Flow cytometry is a system for sensing cells or particles as they move in a liquid stream through a laser or light beam past a sensing area. The relative light scattering and colour discriminated fluorescence of the particles is measured.

Analysis and differentiation of the cells is based on size and granularity and whether the cell is carrying fluorescent molecules either in the form of antibodies or dyes.
The modern flow cytometer consists of a light source, collection optics, electronics and a computer to translate signals to data. The light source of choice is a laser which emits coherent light at a specified wavelength. Scattered and emitted fluorescent light is collected by two lenses, one set in front of the light source (forward scatter) and one set at right angles (side scatter) and by a series of optics, beam splitters and filters, specific bands of fluorescence can be measured.

Several laser types available that can be used in flow cytometers. They can be gas lasers (e.g. Helium-Neon, Argon, Helium-Cadmium); solid state lasers (e.g. NdYAG); dye lasers or semi-conductors lasers.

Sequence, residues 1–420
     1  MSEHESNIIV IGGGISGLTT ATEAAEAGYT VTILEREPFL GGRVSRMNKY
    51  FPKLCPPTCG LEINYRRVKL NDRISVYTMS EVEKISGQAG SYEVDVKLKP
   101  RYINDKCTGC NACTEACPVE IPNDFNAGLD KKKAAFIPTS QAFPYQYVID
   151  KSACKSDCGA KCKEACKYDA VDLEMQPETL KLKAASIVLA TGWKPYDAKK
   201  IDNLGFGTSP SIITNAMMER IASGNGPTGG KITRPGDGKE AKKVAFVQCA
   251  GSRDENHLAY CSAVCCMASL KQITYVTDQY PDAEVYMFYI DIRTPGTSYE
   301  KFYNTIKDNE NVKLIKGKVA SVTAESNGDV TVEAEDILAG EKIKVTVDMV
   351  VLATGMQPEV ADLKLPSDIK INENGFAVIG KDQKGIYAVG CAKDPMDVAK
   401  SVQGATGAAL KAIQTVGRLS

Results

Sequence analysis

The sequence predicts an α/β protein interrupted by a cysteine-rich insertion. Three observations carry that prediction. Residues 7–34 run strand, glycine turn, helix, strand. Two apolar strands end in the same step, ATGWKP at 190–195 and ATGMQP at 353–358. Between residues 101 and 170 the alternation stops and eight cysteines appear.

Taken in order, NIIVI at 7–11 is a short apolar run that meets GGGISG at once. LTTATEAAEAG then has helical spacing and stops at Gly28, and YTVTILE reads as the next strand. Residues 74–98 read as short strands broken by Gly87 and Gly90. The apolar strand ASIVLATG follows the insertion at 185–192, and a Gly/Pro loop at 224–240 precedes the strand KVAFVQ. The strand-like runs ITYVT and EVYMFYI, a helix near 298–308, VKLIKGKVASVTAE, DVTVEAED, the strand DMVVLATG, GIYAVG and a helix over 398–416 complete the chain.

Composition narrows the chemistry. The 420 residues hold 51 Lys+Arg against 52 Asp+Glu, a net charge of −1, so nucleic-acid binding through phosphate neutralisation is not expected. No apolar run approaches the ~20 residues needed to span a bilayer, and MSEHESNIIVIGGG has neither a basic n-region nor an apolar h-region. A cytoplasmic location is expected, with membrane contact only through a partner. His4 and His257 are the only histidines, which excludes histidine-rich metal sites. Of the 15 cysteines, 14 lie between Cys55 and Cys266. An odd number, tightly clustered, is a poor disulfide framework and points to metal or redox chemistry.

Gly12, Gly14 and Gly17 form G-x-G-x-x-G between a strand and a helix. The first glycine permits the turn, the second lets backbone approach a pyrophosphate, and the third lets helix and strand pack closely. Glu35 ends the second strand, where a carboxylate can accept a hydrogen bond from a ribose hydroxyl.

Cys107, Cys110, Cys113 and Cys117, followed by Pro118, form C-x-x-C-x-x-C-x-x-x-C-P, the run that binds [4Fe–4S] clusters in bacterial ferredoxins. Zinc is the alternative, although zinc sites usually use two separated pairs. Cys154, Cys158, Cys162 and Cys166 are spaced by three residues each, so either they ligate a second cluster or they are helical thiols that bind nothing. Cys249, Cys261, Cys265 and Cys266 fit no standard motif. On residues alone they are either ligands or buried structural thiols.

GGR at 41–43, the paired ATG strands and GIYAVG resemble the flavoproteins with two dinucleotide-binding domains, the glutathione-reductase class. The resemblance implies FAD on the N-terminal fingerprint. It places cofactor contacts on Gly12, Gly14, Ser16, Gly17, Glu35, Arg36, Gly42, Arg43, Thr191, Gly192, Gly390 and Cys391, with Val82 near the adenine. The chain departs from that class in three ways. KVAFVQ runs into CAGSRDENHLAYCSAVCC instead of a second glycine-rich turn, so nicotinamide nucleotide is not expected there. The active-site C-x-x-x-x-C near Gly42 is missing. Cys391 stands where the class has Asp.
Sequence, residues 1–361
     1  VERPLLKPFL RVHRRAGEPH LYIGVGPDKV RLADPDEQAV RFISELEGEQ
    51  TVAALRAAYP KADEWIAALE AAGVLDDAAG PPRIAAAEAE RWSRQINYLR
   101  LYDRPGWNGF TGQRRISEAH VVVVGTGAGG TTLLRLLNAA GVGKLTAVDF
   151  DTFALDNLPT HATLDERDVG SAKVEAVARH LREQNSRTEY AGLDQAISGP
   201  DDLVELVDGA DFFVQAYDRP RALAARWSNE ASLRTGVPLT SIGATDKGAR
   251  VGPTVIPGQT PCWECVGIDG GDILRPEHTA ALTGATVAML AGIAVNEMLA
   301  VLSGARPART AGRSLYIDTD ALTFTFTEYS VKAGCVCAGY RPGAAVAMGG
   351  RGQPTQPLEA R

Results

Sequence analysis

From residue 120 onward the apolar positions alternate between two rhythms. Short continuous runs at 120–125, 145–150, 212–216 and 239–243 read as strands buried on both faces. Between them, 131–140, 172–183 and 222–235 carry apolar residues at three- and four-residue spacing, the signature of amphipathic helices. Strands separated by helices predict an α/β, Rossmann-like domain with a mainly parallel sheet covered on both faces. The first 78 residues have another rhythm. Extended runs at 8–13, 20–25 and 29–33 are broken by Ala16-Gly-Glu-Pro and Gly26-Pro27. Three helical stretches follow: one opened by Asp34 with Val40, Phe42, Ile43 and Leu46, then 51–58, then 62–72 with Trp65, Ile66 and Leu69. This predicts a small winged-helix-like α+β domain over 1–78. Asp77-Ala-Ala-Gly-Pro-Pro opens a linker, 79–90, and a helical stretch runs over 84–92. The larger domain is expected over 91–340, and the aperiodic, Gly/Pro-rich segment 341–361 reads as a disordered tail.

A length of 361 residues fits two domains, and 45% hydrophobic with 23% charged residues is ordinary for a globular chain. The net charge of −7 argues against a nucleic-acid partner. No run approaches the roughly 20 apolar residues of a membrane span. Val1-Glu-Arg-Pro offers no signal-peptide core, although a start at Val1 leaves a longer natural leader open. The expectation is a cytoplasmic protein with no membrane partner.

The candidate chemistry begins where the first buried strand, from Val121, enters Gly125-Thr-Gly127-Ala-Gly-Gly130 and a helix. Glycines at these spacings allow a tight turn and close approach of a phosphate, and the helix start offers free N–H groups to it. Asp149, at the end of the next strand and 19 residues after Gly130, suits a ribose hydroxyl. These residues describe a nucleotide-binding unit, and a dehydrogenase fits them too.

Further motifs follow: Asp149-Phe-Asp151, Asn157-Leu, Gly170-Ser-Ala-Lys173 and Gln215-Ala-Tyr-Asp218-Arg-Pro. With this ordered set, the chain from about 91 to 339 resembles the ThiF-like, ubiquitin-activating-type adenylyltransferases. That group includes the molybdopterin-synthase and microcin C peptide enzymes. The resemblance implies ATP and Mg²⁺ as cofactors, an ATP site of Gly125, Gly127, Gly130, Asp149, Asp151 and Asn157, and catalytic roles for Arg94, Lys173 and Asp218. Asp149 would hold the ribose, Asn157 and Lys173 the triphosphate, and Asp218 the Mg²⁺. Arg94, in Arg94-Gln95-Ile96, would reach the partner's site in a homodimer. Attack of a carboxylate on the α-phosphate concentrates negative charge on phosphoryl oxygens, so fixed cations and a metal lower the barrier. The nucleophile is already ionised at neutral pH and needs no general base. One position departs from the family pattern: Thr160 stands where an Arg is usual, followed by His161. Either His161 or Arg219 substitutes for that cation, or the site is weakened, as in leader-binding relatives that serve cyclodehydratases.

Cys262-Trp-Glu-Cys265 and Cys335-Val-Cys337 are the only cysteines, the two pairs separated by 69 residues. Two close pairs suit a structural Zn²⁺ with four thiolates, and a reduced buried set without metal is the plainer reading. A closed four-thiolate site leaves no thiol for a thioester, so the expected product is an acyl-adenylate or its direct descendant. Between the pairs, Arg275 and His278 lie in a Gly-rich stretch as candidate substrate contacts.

The choice of fluorochrome to be used is influenced both by the application and the excitation wavelengths and the availability of an appropriate laser. The following table [PDF - 72KB] lists the major fluorochromes, that are excited by the most commonly used 488nm argon ion laser and emission wavelengths together with their common applications.

It is possible to measure physical characteristics such as cell size, shape and internal complexity and any cell component or function that can be detected by a fluorescent compound can be analysed. The applications of flow cytometry are numerous, and this has led to the widespread use of these instruments in the biological and medical fields.

Numerous books have been published, below are a few:

  1. Flow Cytometry: A Practical Approach. Edited by MG Ormerod.
    (IRL Press, Oxford. 1994. ISBN 0-19 963461-0)
  2. Practical Flow Cytometry. 3rd Edition. Howard M Shapiro.
    (Alan R Liss, Inc. ISBN 0-471-30376-3)
  3. Flow Cytometry. First Principles. Alice Longobardi Givan.
    (Wiley-Liss, New York, 1992. ISBN 0-471-56095-2)
  4. Handbook of Flow Cytometry Methods. Edited by J Paul Robinson.
    (Wiley-Liss, New York, 1993. ISBN 0-471-59634-5).
  5. Cytometric analysis of cell phenotype and function. Editors DA McCarthy MG Macey (Cambridge University Press, 2001. ISBN0-521-66029-7)
  6. Flow Cytometry: Principles and Applications. Edited by MG Macey. (Humana Press, 2007. ISBN 978-1-58829-691-7)